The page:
In the aftermath of a war, history cannot be written. The losing side has no one to speak for it. Historians on the winning side are constrained by years of war propaganda that demonized the enemy while obscuring the crimes of the righteous victors. People want to enjoy and feel good about their victory, not learn that their side was responsible for the war or that the war could have been avoided except for the hidden agendas of their own leaders. Historians are also constrained by the unavailability of information. To hide mistakes, corruption, and crimes, governments lock up documents for decades. Memoirs of participants are not yet written. Diaries are lost or withheld from fear of retribution. It is expensive and time consuming to locate witnesses, especially those on the losing side, and to convince them to answer questions. Any account that challenges the “happy account” requires a great deal of confirmation from official documents, interviews, letters, diaries, and memoirs, and even that won’t be enough. For the history of World War II in Europe, these documents can be spread from New Zealand and Australia across Canada and the US through Great Britain and Europe and into Russia. A historian on the track of the truth faces long years of strenuous investigation and development of the acumen to judge and assimilate the evidence he uncovers into a truthful picture of what transpired. The truth is always immensely different from the victor’s war propaganda.
Of all the distractions that come with working in an office, the biggest is not the room temperature or the traffic sounds from outside. It’s ourselves.
In a survey commissioned by office-equipment maker Poly and conducted by research firm Future Workplace, 76% of respondents said a co-worker talking loudly on the phone created a moderate, high, or very high level of distraction for them while at work in their primary workspace, making it the most commonly cited disruption in the survey. Noise from a co-worker talking nearby was cited by 65% of respondents.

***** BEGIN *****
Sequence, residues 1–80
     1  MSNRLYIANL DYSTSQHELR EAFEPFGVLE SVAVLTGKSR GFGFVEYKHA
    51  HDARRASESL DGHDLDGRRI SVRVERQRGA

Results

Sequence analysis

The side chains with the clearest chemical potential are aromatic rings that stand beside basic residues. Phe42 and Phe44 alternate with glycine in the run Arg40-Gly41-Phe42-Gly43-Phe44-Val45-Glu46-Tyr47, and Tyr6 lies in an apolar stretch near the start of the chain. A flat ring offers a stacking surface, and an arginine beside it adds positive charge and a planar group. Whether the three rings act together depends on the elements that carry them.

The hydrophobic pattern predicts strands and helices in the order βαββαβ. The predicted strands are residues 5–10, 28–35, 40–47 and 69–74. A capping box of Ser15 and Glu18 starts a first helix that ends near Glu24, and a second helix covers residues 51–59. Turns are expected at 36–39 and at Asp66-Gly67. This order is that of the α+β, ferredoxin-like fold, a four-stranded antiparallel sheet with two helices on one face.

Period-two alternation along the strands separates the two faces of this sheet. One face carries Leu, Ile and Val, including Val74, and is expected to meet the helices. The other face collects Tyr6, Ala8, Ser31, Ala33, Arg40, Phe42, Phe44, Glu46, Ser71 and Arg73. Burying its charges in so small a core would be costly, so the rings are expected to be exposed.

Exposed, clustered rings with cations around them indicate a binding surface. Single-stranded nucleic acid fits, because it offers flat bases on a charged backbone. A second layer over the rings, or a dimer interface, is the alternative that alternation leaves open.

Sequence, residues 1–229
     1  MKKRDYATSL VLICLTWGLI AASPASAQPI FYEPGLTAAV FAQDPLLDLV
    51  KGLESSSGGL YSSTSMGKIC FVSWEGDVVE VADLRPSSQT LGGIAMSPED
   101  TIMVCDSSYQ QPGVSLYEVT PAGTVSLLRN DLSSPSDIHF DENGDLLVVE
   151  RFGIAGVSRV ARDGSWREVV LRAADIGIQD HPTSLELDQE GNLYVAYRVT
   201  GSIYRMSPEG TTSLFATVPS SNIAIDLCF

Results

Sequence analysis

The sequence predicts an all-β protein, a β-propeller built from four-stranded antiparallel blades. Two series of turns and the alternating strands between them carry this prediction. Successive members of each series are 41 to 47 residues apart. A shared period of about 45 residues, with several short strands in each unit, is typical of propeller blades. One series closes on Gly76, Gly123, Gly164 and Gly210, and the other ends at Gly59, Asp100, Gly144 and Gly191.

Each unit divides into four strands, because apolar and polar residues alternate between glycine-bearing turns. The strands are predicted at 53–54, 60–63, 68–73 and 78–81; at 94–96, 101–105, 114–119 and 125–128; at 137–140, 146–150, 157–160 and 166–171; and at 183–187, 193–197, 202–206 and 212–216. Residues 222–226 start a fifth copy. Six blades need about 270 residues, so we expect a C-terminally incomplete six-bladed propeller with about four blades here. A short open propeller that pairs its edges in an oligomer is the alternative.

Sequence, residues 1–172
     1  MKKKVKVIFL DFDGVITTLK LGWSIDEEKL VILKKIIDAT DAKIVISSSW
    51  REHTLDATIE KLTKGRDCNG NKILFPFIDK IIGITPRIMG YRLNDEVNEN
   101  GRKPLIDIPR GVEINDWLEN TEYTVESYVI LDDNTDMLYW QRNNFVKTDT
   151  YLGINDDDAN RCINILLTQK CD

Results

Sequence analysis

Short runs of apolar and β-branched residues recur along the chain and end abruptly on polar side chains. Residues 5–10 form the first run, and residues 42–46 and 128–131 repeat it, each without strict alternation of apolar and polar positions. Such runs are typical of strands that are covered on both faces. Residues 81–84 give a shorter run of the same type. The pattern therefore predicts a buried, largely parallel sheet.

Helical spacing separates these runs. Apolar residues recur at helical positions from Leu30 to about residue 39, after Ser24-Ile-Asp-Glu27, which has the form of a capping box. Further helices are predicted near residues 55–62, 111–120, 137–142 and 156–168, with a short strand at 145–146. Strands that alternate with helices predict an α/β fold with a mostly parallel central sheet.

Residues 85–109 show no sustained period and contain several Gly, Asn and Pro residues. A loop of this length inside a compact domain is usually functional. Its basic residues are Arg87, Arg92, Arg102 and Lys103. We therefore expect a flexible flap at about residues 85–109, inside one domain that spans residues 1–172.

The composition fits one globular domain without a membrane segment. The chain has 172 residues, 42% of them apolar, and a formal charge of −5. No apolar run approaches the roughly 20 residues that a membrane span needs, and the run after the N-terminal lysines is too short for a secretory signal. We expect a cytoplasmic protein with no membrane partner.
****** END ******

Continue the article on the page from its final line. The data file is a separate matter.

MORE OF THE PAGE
The Buddha would have made an excellent product manager 🤩️. He was obsessed with solving people’s problems, he summarized his ideas into handy lists, and he developed simple frameworks for achieving his vision. He was also one of the earliest practitioners of working from first principles, famously sitting under a Bodhi tree for forty nine days straight in order to “see things as they truly were.” 🧘♂️
For anyone who has negotiated with either Donald Trump or the Chinese Communist party, the collapse of US-China trade talks thanks to last-minute brinkmanship will come as no surprise.
At noon Beijing time on Friday — midnight Thursday in Washington — the US increased tariffs on $200bn of Chinese imports from 10 per cent to 25 per cent after it accused China of “reneging” on earlier promises at the eleventh hour.
Can China’s peer-to-peer lending industry be saved?
prospect seemed far-fetched just a few months ago, when P2P platforms
were failing by the dozens and angry investors were protesting in major
cities across the country. But after a nearly two-year government
campaign to root out fraud and improve lending standards, a potential
path to recovery for the world’s biggest P2P market is becoming clearer.
Industry insiders are betting that a handful of closely
regulated players will emerge from the cull. They envision a revamped
model — similar to the one adopted in America — in which P2P platforms
match small borrowers with institutional money managers and banks,
instead of individual savers. That would allow China to keep funneling
much-needed credit to small companies, while at the same time containing
exposure to investors who can bear the risk.